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Badlands

Several benefits I've noticed.

1) The packs are made from a 3-layer material that combines a waterproof membrane, some tough nylon, and an outer shell of quiet fabric that is fleecy enough to stop noise but still be scratch resistant.
2) The frame is aircraft aluminum, which makes for a very high quality, rigid pack foundation.
3) The triple stitching is an aramid thread, making for very strong seams but low bulk. This method is equivalent to 100+ pound monofilament. Most models also use a kevlar backing in areas of high stress.
4) The padded areas like shoulder and waist straps us memory foam, which conforms to your body and absorbs shock much better than cheap foams.

Add all those factors up and you wind up with a long-lasting, load-bearing, comfortable, waterproof pack. The bottom line is that you should get what works for you. If the above features aren't things you get value from or worry about, then you're spending on unwanted features. If they do matter, you won't find those materials or benefits on packs in the price range you mention.
 

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You two just told me about 10x more than the guy trying to sell me one could. i asked him the question "what makes this a better pack then any of the others" & all he could say is "these are for serious hunters". Now that I know a little more about them it doesnt sound like such a bad deal.

I actually left a granola bar in one of the pockets in my pack after last season, & a **** mouse ate through the side of it during the winter. Sounds like if it was a badlands, they would have fixed it!!!
 

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Treehugnhuntr said:
For one, They have a lifetime, no questions asked warranty. They are more comfortable than any other pack I have worn.
I can vouch for this also. I've not worn one this year hunting but I've worn several of their different bags while up scouting for deer with a friend of mine. He's been in good with their reps and has been able to purchase several of their bags through his internet company. I can say they're quite easily the most comfortable packs I've ever worn and if I could afford one, there just wouldn't be another choice. All the pocket options, different ways of storage access, the guarantee, versatility with regard to separating the main pack to fit what you need for that part of the day (daypack, waist pack, freighter meat frame, whole combined large pack) the fabric is quiet, low nap so you're not going to be picking out stickers all day, most of them are hydration compatible, and although they're pricy.... if you ruin one and they've changed or upgraded the bag, usually you'll get the newer version without paying more. They're a great company to deal with and are run by hunters so they know what will help and what won't in a pack. The guy was right in that they're packs tailored specifically to hunters but there is a lot more to them than that. With all the room in these packs, they're just as good for a midsummer backpacking trip as they are for late season DIY camp hunts and the way the load is balanced on you thanks to the organization of the storage compartments along with the various straps and support belts makes these comfortable to use any time you have to haul anything around, where ever you're at.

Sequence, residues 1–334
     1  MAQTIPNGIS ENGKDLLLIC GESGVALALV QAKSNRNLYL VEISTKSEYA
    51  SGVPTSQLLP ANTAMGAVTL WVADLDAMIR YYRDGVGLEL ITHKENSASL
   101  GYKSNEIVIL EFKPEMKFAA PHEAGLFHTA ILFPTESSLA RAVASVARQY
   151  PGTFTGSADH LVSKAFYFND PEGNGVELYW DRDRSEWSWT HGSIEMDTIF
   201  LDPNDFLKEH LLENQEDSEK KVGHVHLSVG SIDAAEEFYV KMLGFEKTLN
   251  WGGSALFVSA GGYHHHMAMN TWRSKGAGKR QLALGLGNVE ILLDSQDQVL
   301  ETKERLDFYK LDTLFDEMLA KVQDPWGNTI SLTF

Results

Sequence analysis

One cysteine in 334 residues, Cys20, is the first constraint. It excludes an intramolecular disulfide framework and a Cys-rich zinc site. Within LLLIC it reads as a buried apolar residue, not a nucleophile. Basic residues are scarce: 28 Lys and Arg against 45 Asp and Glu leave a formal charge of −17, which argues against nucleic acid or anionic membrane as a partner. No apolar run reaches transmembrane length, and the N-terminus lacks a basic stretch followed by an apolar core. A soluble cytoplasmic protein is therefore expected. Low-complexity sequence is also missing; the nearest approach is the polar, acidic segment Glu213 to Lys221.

Stevo, get with my buddy Isaac in the DMV call center downstairs here at work.... he's the one I've packed food, spotting scopes and whatever else in for and his packs were the ones I used. He also gave me a badlands catalog I can let ya look at too.... has their newest line of packs in there along with specs on them storagewise so it might be something for you to check out.
 

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Riley,
Sounds like Isaac has converted you to a spokesman :lol: . just kidding . Seriously, thanks for the info guys

Yea, I have been thinking about one for a LONNNG time , But with the price , there just seems like more I want instead. I have to stop & look at them every time I go to Sportsmans, & ive actually had one in the cart about 5 or 6 times, But always put it back before going to the check stand. I guess the only people I have ever talked to about them are people trying to sell me one, never somebody that actually uses one. I like the size of the 2800 pack(checked out their website) Ill have to go check them out again. I havent had any trouble with the feel of my Fieldlines & my pack is almost identical to that 2200, But that guarantee would be a nice thing to have :D
 

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Treehugnhuntr said:
For one, They have a lifetime, no questions asked warranty. They are more comfortable than any other pack I have worn. And they are local, so If I need service, I can drop it off personally.

I have never worn or seen a 40 dollar pack that I would waste my money on. Unless it was for my daughter for school books. :D :shock:
+1 quality is better than cheap. but most things are made cheap.

I use the day pack and 2800 both are very nice. I also bought a water bladder that works in both packs.